Once a suitable property has been found a purchaser may decide to make an offer by signing an Agreement for Sale and Purchase. The real estate agent then acts as a negotiator between the parties seeking to bring them to a place of agreement as to price and any other relevant terms or conditions.
An Agreement may be signed "unconditionally" or "conditionally". An unconditional agreement is one which is not subject to any conditions and upon signing by both parties becomes a binding contract between them. A conditional agreement is one which is subject to certain conditions for a period, and when these terms are satisfied it then becomes unconditional. Common examples of conditions include:
A financial clause giving a purchaser a period of perhaps 10 working days to secure their finance
A clause giving the purchaser the opportunity to obtain a report from an independent registered valuer as to the market value of the property, or a property inspection company to prepare a comprehensive report on the property including the state of repair of any buildings on the property, as well as confirmation that all required permits had been obtained etc.
Not only do the parties agree as to the sale price, they also agree that a deposit will be paid with the balance becoming payable when the contract is finally settled. Deposits of 10% are typical – that is, a $30,000 deposit would be paid on a property with a negotiated sale price of $300,000.
However, as an expression of good faith, a nominal sum is usually paid by the purchaser on signing the agreement – typically $1,000 – and the balance of the deposit paid when the agreement becomes unconditional.
In the above example, three separate payments would be made:
An initial deposit of $1000 on signing (This is refundable if the Agreement doesn't become unconditional)
A further sum of $29,000 would be payable when any special terms or conditions of the agreement have been satisfied and the agreement becomes unconditional.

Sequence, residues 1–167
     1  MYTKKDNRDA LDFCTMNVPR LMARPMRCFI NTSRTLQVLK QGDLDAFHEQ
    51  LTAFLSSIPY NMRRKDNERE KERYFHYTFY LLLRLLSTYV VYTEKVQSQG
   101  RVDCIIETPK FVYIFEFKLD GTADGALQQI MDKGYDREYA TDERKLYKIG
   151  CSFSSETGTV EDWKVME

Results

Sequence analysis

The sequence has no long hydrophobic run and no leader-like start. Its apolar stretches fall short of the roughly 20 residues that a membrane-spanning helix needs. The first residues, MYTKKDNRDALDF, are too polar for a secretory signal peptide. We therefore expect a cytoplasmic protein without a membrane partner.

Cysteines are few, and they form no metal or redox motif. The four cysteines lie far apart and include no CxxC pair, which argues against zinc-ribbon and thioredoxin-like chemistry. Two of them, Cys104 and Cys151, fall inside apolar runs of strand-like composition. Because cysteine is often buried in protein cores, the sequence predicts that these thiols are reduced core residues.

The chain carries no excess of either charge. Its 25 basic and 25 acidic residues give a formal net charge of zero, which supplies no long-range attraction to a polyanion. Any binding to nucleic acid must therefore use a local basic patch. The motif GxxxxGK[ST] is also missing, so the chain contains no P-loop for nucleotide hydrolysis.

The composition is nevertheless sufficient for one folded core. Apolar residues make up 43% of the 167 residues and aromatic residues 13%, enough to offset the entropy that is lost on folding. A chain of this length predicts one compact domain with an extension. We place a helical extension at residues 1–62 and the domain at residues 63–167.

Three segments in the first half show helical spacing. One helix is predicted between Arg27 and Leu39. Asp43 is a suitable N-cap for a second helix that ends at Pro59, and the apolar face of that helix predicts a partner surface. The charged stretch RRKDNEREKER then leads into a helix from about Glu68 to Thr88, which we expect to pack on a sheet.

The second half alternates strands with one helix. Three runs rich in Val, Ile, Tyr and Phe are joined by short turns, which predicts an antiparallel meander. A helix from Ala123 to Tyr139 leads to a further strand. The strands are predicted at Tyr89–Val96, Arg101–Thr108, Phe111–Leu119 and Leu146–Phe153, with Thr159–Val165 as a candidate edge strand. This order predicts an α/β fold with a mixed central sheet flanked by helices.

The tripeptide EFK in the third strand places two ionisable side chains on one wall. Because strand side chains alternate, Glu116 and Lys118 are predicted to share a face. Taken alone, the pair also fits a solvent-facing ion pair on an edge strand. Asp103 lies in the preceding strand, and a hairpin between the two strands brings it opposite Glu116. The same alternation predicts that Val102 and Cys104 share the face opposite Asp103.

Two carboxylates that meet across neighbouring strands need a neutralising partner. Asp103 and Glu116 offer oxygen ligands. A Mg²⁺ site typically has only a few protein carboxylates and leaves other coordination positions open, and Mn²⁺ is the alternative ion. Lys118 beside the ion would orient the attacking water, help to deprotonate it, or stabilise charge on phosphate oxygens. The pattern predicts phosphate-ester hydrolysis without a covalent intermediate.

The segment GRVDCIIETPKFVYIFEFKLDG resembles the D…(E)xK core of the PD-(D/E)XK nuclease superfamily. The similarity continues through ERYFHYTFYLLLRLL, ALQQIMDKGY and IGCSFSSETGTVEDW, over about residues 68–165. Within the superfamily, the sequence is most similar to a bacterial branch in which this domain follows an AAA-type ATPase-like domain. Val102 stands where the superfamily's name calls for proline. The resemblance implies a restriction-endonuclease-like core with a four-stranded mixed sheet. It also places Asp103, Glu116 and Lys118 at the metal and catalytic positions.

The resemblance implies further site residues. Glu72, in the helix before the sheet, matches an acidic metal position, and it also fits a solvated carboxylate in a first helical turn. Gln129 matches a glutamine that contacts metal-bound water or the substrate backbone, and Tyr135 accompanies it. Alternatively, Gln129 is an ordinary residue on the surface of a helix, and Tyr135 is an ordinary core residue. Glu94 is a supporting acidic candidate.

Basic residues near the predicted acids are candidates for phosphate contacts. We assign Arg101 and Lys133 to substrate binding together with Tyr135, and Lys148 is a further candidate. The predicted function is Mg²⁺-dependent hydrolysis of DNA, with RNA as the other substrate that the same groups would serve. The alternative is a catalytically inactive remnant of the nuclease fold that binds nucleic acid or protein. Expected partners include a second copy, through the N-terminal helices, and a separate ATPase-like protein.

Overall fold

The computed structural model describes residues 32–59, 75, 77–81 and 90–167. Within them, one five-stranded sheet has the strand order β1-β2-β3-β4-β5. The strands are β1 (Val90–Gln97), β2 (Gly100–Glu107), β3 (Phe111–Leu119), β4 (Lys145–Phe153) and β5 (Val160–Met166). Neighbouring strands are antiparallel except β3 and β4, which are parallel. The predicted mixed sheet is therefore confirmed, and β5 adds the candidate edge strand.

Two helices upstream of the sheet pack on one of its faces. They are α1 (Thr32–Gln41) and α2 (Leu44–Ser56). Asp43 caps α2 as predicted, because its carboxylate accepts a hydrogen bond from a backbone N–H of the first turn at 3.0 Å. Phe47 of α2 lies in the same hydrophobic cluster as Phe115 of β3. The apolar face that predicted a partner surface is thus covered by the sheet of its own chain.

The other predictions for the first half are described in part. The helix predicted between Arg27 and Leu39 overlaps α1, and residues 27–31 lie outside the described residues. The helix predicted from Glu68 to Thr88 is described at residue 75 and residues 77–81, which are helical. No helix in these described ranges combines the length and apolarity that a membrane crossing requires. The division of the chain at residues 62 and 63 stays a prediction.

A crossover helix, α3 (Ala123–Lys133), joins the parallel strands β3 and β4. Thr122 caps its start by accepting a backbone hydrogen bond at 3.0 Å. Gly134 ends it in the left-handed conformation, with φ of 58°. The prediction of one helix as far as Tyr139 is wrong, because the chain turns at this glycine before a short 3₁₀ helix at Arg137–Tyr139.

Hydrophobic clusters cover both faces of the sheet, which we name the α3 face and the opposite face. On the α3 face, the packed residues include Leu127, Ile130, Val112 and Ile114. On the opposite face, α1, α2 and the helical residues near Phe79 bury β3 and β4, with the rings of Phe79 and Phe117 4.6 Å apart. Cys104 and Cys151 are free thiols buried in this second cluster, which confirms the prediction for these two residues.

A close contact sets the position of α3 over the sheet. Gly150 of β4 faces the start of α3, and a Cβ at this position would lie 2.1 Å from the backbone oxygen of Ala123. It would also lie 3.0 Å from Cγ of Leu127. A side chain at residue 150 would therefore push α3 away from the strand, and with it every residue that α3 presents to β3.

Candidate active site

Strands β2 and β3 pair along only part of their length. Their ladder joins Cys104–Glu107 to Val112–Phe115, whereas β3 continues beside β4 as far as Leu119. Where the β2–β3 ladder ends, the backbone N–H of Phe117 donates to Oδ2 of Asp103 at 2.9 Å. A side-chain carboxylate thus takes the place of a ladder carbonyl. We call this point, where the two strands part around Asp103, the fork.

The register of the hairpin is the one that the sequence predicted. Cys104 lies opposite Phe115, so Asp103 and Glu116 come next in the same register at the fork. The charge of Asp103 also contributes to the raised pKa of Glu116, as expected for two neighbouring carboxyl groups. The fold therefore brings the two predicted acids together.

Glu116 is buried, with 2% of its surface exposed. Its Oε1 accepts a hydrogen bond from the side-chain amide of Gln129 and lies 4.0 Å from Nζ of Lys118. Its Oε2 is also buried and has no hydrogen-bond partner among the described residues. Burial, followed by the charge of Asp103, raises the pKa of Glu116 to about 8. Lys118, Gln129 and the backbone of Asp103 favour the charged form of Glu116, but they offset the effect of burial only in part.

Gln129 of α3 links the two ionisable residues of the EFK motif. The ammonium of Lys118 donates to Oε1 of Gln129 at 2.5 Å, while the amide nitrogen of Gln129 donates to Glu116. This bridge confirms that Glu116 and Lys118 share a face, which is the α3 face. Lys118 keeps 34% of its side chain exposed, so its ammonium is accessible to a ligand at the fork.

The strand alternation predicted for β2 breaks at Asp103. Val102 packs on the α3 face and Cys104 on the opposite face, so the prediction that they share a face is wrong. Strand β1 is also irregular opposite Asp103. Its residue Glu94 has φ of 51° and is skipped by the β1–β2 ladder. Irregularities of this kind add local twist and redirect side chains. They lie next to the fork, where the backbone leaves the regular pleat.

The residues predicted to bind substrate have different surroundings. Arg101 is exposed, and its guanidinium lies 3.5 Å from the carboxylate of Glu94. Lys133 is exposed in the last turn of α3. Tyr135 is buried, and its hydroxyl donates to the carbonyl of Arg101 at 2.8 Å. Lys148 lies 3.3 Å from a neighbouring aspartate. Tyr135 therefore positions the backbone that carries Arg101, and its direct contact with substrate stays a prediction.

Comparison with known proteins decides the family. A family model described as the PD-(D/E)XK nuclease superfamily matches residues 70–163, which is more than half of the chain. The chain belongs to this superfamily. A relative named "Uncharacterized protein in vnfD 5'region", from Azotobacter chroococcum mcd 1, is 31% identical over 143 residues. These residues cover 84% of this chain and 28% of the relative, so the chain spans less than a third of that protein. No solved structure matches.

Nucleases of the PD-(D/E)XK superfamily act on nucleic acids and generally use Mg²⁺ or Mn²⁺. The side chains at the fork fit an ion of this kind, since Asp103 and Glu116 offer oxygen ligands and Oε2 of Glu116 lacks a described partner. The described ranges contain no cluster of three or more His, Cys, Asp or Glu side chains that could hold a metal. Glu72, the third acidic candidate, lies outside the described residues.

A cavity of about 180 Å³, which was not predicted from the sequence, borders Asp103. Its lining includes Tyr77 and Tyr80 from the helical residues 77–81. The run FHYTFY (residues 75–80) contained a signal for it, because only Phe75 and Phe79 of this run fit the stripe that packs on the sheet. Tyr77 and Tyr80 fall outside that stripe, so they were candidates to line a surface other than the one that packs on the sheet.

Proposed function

A final sum of $270,000 payable on settlement day when keys to the property are made available and the purchaser takes possession.
The above is intended as a guide only to buying property in New Zealand. Obviously much more could be written, and sometimes the legal issues can be complex. We strongly recommend our clients do three things to protect themselves in their real estate purchases:
Employ the services of a competent real estate agent with a good reputation for honesty and professional expertise.
Employ the services of a competent solicitor who specializes in real estate conveyancing.
Be prepared to spend a little on Property Inspection reports and Registered Valuations if they are not already available.
For further information relating to real estate in our country we refer you to the Real Estate Agents Authority website and in particular the Approved Guides to both buying and selling property in New Zealand. To be directed to this website click on the following link: www.reaa.govt.nz/page/approved-guides-0
As required by the Real Estate Authority we refer you to our Inhouse
Complaints Procedures (pdf format)
Also, refer to the REAA Code of Conduct (pdf format)